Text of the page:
Pringle v. Robertson

Annotate this Case

483 P.2d 814 (1971)

William Calvin PRINGLE, a Minor, by Robert L. Frederickson, Guardian of the Estate of William Calvin Pringle, Appellant, v. Charles ROBERTSON, Defendant, and Hartford Accident and Indemnity Company, a Corporation, Respondent.

Supreme Court of Oregon.

Argued and Submitted September 10, 1969.

Decided April 14, 1971.

Reargued on Rehearing October 30, 1970.

William F. Schulte, Portland, argued the cause for appellant on rehearing. With him on the briefs were Van Natta & Petersen, St. Helens.

Edwin J. Peterson, Portland, argued and reargued the cause for respondent. With him on the briefs were Tooze, Powers, Kerr, Tooze & Peterson, Portland.


*815 HOLMAN, Justice.

Plaintiff filed a petition for rehearing. The petition was allowed and the case was reargued. Plaintiff asserts that we were mistaken in stating in our original opinion that there was no judicial authority for his position. He is correct. We did err in making the statement. The case of Shaw v. Botens, 403 F.2d 150 (3rd Cir.1968), which was decided about the time the present proceeding was first heard by this court, is authority for his position.

Shaw does not give the injured plaintiff a right to garnish and prosecute the defendant's claim against the insurance company because plaintiff has any interest or right under the insurance policy. It construes Pennsylvania law to give that right to the injured plaintiff only as a judgment creditor of the defendant. Plaintiff concedes that any other creditor would have the same right to assert the claim who had a prior levy. The rationale of Shaw is that the defendant's right against the insurance company arises out of contract and is assignable and that the garnishment operates as an equitable assignment of the judgment debtor's rights against the insurance company. The case does not discuss whether it is desirable policy to let some third party determine whether the insured should assert that the insurance company has been negligent or guilty of bad faith in failing to settle the claim against him.

If it is good public policy, and we believe it is, not to allow third parties to decide whether such accusations should be made by way of judicial proceedings, it would seem to be irrelevant whether the duty of care and good faith was implied by the law because of a contract or whether the law imposed the duty in the absence of contract. A doctor's relation with his patient and a lawyer's relation with his client are contractual, and, because of this relationship, the law imposes a duty of care and good faith. Few, if any, would assert that claims against doctors and lawyers for malpractice should be garnishable and we are unable to distinguish between the implied obligations of doctors and lawyers to exercise care and good faith and those of the insurance company in the present instance. If "implied contractual duty" is the "sesame" that opens the door of garnishment, it may become slightly drafty within. It is important that the law not be perverted in an attempt to reach what, in this case, would seem to be a desirable result when there are many similar situations which cannot be distinguished and in which the result sought would be undesirable and inappropriate.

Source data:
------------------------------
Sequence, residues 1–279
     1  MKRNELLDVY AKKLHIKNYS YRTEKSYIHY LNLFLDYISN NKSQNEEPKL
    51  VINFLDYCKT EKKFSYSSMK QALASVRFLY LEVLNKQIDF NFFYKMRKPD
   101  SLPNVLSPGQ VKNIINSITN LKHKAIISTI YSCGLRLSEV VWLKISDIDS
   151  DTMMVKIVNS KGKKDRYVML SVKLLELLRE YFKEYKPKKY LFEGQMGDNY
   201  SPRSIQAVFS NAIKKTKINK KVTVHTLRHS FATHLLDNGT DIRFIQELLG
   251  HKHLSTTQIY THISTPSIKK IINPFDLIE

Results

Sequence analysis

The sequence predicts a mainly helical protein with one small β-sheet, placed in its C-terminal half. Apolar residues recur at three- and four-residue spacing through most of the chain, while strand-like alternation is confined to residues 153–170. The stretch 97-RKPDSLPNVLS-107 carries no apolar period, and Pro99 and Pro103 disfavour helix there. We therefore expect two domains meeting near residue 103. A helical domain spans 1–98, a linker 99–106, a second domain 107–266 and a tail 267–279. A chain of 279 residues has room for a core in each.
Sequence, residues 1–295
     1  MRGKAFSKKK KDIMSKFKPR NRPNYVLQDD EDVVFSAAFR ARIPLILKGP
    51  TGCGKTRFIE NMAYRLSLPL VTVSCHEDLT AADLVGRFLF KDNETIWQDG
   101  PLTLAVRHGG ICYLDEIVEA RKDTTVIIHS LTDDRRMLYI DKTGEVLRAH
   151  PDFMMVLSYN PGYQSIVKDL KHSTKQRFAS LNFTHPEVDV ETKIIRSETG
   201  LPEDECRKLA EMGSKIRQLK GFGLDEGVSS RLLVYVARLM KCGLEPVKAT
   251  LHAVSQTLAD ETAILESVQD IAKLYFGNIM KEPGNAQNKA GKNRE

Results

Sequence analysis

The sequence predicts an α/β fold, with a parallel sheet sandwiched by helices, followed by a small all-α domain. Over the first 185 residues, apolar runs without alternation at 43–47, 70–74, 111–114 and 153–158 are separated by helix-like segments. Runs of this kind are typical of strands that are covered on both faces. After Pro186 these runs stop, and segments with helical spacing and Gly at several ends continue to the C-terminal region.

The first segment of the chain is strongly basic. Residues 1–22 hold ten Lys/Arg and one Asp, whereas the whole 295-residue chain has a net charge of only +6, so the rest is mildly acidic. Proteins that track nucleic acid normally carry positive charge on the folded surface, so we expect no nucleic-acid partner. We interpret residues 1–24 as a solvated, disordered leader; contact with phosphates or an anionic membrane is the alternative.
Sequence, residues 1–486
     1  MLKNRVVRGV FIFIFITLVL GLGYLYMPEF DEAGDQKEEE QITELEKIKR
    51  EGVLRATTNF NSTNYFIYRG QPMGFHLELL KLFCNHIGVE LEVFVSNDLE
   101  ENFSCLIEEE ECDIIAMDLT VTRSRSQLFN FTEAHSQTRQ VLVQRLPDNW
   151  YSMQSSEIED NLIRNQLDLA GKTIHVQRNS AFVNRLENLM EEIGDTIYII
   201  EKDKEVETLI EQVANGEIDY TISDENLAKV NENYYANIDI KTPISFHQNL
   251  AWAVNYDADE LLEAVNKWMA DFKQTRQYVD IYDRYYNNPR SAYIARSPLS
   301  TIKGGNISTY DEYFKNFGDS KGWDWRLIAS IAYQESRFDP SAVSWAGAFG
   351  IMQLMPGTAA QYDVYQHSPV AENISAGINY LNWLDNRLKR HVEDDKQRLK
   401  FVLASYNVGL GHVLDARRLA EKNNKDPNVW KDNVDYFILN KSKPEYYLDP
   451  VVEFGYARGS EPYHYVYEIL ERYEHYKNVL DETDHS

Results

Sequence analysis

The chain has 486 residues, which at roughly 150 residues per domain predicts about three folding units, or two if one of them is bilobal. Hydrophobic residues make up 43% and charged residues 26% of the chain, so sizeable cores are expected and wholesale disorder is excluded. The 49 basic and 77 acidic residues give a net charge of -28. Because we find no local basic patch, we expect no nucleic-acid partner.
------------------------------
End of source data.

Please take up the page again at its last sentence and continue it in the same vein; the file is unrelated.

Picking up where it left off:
It has been urged that the important matter for concern is the protection of persons injured in automobile accidents. It must be remembered, however, that the insurer has breached no duty which it owed to the injured plaintiff, and that the injured plaintiff was not harmed by the insurer's failure to settle. Had the case been settled, the injured plaintiff would have received no more money than it ultimately did receive. Therefore, the insurer's failure to settle could not have been the cause of any loss to plaintiff. R. Keaton, "Liability Insurance and Responsibility for Settlement," 67 Harv.L.Rev. 1136, 1176-1177 (1954).

We adhere to our original opinion.


[*] O'CONNELL, C.J., did not participate in the decision of this case.